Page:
Elderberry Vs. Pokeberry: SPICEography Showdown

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Elderberry and pokeberry have both been used for much of human history. They are valuable because of their health benefits and other properties. The two are sometimes mistaken for each other, but — as we will see — they are very different. Below, we will examine elderberries and pokeberries and how each of them is used.

How does the elderberry differ from the pokeberry?

The two berries do have a similar color and some similarities in appearance, but they are far from identical. Elderberries are the smaller of the two and grow in loose clusters; pokeberries grow down the sides of their stems in bunches and each berry has a dent.

Despite their somewhat similar appearances, elderberries and pokeberries are not related. They come from different plants that have two separate origins. The elderberry comes from the elder plant, which is also the source of elderflowers; pokeberry is harvested from the pokeweed plant.

Flavor is the most important area of difference from a culinary standpoint. You will notice that in most recipes that involve elderberries or pokeberries, other flavorful ingredients are included as well. These other ingredients indicate that neither berry is pleasant to eat on its own. Elderberries are tart with a strong bitter edge while pokeberries are basically tasteless with a slightly bitter aftertaste. The tartness and bitterness of the elderberry mean that it is the more flavorful of the two when sweetened properly.

Both berries have reputations for being toxic, but the elderberry’s toxicity is limited to the unripe berry; ripe berries are safe to eat. Pokeberry is safe to eat as long as you can use the fruit without rupturing the seeds, which do contain toxins.

Can you use elderberry in place of pokeberry and vice versa?

Elderberries can make an effective substitute for pokeberries in most applications. The fact that it is the more flavorful of the two makes it an improvement over the pokeberry. While elderberry can work as a pokeberry substitute, you may notice differences in the area of color. Pokeberry was once known as inkberry because of the intensity of its magenta color, which was bright enough for its juice to be used to dye fabric and as writing ink. The color of elderberries is not as bright.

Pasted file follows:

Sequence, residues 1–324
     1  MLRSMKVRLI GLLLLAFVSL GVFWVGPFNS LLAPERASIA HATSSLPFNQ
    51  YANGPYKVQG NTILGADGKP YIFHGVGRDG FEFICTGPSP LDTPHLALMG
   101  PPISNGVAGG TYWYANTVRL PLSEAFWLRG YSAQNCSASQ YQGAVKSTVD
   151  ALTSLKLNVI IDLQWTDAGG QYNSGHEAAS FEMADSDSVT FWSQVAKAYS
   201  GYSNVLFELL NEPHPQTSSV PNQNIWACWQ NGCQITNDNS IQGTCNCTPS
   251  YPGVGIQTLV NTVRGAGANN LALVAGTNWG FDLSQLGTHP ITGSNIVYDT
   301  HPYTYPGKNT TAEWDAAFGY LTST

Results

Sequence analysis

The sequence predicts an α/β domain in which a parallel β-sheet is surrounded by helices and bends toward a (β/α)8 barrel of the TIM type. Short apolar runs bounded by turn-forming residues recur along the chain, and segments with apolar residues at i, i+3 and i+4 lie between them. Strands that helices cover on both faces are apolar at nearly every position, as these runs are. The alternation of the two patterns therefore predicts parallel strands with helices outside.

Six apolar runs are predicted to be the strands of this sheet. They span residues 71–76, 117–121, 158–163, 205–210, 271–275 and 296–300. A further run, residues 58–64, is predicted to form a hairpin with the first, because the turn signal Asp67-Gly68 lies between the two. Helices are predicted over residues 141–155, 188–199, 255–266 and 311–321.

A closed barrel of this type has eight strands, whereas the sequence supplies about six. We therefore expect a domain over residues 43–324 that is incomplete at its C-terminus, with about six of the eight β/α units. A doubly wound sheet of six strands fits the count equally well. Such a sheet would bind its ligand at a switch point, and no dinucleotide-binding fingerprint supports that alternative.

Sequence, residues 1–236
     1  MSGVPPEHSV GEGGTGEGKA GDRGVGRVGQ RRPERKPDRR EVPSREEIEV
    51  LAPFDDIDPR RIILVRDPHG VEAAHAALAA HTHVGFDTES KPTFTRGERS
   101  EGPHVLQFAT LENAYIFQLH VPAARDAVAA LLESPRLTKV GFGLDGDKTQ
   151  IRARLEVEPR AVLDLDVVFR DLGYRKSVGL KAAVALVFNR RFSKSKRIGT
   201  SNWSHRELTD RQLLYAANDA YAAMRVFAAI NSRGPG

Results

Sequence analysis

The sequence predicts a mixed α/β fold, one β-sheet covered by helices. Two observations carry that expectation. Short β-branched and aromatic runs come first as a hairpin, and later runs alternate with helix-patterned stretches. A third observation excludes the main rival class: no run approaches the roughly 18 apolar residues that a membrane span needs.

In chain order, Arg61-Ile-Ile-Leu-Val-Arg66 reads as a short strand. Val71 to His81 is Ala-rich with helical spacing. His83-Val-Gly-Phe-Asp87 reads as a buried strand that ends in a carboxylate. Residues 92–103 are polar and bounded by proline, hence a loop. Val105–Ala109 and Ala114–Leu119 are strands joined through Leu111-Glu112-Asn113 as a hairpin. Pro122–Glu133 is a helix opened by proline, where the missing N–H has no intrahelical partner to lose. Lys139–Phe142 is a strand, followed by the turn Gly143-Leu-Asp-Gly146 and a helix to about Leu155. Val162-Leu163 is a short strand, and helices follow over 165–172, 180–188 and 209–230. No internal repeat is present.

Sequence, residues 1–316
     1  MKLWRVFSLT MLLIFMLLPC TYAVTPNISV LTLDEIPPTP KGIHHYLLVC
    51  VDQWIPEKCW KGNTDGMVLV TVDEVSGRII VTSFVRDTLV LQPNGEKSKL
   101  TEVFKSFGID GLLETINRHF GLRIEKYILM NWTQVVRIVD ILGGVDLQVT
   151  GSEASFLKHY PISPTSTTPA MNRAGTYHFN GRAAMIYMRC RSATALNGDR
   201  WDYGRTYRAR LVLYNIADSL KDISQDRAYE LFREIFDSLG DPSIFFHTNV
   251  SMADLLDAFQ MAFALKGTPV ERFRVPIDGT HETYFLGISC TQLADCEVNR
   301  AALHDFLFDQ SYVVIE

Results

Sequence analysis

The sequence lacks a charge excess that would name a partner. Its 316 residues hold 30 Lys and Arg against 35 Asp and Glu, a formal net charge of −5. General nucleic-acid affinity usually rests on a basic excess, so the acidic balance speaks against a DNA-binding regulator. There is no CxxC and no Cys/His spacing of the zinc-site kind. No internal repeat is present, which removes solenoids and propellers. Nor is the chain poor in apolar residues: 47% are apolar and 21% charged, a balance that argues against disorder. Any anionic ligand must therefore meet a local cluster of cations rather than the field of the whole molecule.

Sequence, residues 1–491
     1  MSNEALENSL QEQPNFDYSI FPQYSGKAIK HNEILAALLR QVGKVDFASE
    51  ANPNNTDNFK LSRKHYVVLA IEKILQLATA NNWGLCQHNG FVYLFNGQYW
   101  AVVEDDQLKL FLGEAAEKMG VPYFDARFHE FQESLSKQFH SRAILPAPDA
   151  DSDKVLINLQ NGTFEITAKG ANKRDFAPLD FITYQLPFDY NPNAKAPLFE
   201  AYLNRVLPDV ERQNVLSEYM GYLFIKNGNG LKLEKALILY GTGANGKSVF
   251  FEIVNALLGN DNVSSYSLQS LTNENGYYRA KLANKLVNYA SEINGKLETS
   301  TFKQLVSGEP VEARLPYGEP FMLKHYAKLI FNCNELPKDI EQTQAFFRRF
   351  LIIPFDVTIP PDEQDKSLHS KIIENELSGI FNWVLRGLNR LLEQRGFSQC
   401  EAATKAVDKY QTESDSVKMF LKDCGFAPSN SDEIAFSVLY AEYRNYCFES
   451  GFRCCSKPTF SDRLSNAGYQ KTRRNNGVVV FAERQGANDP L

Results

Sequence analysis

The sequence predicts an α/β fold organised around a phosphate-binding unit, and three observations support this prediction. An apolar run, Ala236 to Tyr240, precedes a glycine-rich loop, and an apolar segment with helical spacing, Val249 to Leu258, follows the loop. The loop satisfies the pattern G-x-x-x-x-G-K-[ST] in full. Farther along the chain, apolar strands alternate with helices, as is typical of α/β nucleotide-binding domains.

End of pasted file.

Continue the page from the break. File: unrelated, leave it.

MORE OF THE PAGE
You can use pokeberries in place of elderberries as well, but note that they won’t provide anything like the elderberries flavor. This is not necessarily a bad thing. The fact that they are essentially tasteless means that you can add whatever spices and flavorful ingredients you want to them. For example, you can use lemon juice and zest to give them a tart citrus flavor that might work in jams and jellies.

Keep in mind that when replacing elderberries with pokeberries you will have to take steps to get the juice and pulp without cracking the seeds. You can do this by freezing the berries and then thawing them to break down the pulp part of the fruit.

When should you use elderberry and when should you use pokeberry?

Use elderberry if you want a berry with flavor and don’t want to go to the trouble of separating the pulp from the seeds. Use pokeberry in applications where the color is paramount or where you don’t need the flavor of the berry.